This year has brought challenges that we never expected would happen. The changing environments and the speed of change has taken us to new levels of perseverance and resilience. Our workloads, dedication to our family and friends, and the communities we serve has shot up! On top of all these stresses, we’ve struggled with fear of illness, social isolation, economic insecurity, disruption of routine, and anxiety.
A study from the U.S. Centers for Disease Control and Prevention found that anxiety tripled, and depression quadrupled, among over 5,500 adults that were surveyed with compared to a sample from 2019. A similar study from Johns Hopkins University found that depression symptoms were triple those measured in 2018. Burnout and strain among healthcare workers rapidly increased during these times and the supply chain shortage not only overwhelmed the health care system, but also caused an anxiety around how we can serve our patients. All these only reinforce the large-scale trauma that we have all experienced this year from COVID-19.
During these times, being more kind to one another, to yourself, and taking care of our mental health is so crucial. Aside from caring for your family and friends, taking the time to get real and share feelings, listening, and lending support to your team members is critical and will go a long way. There is no harm in getting candid and asking how your team members are coping and how as a leader, you can make them feel cared for and safe. Whether you’re working on-site or remotely, use technology to lend support and make the connection. Metrics and repairs will stay and happen as they should, but expressing kindness, patience, and sharing positivity will allow your team members to trust you, have confidence that they can come to you, and will allow them to continue the chain of compassion forward.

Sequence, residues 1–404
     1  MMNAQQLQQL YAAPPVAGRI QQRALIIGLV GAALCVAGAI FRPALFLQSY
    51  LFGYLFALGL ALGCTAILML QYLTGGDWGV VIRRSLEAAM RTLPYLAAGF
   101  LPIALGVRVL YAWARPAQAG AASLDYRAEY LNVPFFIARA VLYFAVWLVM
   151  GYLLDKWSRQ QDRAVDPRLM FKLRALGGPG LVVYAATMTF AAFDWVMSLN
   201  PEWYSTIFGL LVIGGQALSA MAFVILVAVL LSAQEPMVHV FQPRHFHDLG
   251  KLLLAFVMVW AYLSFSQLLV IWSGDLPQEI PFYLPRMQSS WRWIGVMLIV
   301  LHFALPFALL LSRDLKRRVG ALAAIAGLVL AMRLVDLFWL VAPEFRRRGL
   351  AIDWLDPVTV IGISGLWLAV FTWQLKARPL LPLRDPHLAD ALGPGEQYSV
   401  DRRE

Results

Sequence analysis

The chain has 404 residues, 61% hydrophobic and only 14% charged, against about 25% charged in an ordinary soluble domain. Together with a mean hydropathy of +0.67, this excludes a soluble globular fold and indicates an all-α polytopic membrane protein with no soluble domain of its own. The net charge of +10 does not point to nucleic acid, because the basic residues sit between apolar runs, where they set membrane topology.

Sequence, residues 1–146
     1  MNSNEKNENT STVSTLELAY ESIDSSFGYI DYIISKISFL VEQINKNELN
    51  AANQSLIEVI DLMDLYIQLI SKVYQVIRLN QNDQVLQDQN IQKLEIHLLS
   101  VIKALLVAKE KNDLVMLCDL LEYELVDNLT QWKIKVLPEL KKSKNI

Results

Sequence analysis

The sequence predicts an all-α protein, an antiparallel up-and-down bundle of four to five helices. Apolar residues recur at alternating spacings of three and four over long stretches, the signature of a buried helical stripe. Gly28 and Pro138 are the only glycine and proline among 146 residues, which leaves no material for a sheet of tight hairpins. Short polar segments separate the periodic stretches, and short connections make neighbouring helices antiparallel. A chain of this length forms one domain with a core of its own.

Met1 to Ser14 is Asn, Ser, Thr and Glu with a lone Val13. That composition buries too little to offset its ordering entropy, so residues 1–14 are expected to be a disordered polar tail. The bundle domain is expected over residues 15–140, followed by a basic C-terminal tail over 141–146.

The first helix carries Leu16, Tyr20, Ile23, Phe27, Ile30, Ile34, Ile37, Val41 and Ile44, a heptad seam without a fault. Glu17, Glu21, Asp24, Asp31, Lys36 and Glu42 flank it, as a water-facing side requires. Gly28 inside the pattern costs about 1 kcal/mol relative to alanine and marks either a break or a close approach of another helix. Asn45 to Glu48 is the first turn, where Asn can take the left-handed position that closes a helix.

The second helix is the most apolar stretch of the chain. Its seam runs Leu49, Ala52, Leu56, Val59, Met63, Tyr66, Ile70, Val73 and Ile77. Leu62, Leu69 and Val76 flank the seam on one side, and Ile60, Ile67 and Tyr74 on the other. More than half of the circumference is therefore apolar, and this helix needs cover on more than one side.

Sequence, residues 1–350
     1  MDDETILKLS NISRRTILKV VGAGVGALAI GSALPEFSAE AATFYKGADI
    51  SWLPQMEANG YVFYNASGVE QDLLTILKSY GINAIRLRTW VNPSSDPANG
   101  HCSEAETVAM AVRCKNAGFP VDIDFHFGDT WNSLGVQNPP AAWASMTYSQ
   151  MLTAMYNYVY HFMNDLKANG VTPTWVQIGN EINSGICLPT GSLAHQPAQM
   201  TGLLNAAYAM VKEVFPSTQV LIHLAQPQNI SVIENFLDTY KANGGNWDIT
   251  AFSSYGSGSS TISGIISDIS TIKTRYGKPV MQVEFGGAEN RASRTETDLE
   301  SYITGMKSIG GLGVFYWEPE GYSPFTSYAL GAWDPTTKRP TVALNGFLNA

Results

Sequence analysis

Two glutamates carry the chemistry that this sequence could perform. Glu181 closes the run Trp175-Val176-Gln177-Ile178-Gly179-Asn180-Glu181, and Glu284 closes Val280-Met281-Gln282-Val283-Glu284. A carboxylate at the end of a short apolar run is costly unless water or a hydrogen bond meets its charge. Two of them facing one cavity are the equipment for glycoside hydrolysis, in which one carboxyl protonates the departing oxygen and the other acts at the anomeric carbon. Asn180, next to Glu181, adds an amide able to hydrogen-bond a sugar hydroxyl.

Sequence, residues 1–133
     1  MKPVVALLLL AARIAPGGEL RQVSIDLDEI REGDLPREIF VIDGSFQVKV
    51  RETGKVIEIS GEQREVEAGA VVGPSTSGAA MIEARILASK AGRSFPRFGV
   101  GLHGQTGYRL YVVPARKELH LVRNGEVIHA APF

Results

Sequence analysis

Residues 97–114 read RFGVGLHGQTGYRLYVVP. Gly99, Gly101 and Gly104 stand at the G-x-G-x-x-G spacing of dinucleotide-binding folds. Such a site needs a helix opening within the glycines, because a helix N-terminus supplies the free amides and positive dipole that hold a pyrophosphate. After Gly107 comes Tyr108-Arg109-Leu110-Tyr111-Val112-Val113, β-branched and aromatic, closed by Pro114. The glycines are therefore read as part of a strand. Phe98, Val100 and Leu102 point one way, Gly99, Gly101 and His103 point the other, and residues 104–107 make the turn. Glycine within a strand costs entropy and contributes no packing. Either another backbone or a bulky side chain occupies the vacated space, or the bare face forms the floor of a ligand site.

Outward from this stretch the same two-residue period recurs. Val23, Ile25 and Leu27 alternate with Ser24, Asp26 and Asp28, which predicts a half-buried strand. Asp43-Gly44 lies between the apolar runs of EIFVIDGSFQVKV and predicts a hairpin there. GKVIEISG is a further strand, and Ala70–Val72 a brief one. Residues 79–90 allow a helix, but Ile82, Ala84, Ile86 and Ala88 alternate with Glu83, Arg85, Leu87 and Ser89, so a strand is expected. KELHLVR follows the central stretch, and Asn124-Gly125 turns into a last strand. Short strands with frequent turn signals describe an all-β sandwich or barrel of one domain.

Create new routines to practice healthy behaviors and share that with your team members. Remind one another to make fruitful use of breaks, lunch, and time after work—to unwind, relax, exercise, and seek comfort. Studies show that stress suppresses our immune function and makes us seek comfort foods. There’s really no harm in seeking them at the same time remaining aware of your overall health. Encourage team members and yourself to do what’s best for overall well-being.
Set aside times to work and stay off work after normal hours. Don’t take work back home— with all that’s going on, staying mindful of your needs after work is essential to achieving a balanced day. Also be kind to yourself when you don’t feel productive— your mind, body, and environment has had lots to cope with!
In this new year, make sure to connect with one another, renew appreciation, spread compassion, and enjoy much-needed relaxation—all while staying safe and healthy!
Priyanka Upendra is Compliance Program Director at Banner Health and a member of the AAMI’s Technology Management Council, Awards Committee, Nominating Committee, and BI&T Editorial Board, as well as the President-Elect of the American College of Clinical Engineering.